The search for causes also widened. At least three companies and two space agencies were reviewing satellite data or conducting on-site inspections in Surfside on Saturday to determine whether there had been any unusual building movement before the Champlain Towers South crumbled. They expect to meet Surfside officials Sunday to discuss the results.

Other communities vowed to take a tough look at the safety of their structures in the face of rising seas and saltwater flooding. Miami-Dade County will launch an audit of all buildings five or more stories high and 40 years and older, Mayor Daniella Levine Cava announced at a Saturday morning news conference. The audit will be conducted within the next 30 days, she said.

The collapse in Surfside could be a wake-up call for towns along America’s coastlines. “Coastal America is experiencing a slow motion crisis,” said Carl Pucci, founder and president of EO59, a Richmond-based firm that analyzes current and past satellite data down to millimeter levels. Pucci said his 13 employees were poring over data for every building in Surfside to determine whether there had been shifting in the ground movement and how much.

“We are working very hard to determine if the residents are safe in those structures,” Pucci said. He said there had been movement in some structures but he wouldn’t quantify it.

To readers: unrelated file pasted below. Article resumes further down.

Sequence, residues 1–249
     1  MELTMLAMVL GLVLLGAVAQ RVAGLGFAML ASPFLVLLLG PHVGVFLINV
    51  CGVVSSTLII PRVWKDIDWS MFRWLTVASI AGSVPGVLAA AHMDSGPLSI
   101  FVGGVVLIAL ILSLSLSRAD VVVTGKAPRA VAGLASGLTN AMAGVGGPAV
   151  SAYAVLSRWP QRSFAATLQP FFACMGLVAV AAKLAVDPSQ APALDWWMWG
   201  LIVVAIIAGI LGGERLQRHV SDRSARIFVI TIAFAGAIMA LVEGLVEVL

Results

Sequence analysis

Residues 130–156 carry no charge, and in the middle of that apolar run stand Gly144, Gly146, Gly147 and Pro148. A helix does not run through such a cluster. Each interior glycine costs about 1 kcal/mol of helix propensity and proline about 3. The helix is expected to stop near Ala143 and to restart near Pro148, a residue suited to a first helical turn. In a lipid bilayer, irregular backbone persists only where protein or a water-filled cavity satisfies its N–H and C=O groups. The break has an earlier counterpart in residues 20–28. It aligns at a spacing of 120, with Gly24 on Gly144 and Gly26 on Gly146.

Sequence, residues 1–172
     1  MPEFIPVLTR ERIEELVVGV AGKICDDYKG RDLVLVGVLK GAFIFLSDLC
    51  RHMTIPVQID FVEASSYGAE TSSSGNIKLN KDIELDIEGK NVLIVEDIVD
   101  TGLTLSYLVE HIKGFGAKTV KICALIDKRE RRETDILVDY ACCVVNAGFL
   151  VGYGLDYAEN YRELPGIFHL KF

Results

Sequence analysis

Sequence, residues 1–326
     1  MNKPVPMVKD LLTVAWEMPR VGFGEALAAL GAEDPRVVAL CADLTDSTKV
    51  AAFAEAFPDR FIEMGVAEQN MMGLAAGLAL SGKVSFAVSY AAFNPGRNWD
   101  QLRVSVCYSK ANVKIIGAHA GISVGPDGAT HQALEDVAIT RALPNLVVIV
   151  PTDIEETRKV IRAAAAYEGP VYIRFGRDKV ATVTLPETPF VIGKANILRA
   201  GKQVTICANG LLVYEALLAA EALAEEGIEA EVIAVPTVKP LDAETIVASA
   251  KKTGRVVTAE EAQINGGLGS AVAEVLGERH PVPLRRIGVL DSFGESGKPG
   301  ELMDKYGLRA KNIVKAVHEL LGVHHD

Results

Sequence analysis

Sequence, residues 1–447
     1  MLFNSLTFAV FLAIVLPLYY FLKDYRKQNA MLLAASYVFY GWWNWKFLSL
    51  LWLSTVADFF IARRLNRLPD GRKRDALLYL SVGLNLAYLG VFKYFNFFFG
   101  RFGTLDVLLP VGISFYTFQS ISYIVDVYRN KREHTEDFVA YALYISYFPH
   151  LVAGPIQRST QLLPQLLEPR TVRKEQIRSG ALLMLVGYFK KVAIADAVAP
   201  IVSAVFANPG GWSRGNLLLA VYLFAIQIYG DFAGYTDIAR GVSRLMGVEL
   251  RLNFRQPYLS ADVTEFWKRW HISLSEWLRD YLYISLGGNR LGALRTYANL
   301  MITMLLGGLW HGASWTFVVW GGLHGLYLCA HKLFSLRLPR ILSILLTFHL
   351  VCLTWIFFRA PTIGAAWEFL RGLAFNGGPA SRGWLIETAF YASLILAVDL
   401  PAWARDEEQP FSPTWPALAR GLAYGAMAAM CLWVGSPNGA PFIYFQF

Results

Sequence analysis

In nearby Hallandale Beach, Assistant City Manager Nomy Sandoval said the tragedy would prompt a review of about a dozen condo buildings.

A board member of Champlain Towers North urged authorities “to quickly send inspectors or engineers to inspect or verify the safety conditions of the property.”

Salomon Gold said in an email that there is a lot of speculation but “no concrete knowledge” about the safety and condition of his building. He noted the challenge of a possible evacuation of the building because of the age and physical condition of some of the residents.

However, Naum Lusky, the president of the condo association of Champlain Towers North, said that inspectors from Surfside and Miami-Dade County spent more than three hours in his building on Saturday.

“It’s safe,” he said. “They checked all the structure in the lower end of the building, the garage, and everything was okay.” He said some residents have left voluntarily since the neighboring condo collapsed. “But they are coming back now that they know that everything is safe,” he said.

Meanwhile, friends and neighbors waited as rescue crews searched for those missing.

As rescue efforts continued on June 26, The Post spoke to a Surfside resident who said she noticed the building's deteriorating condition before its collapse. (Zoeann Murphy, Drea Cornejo, James Cornsilk/The Washington Post)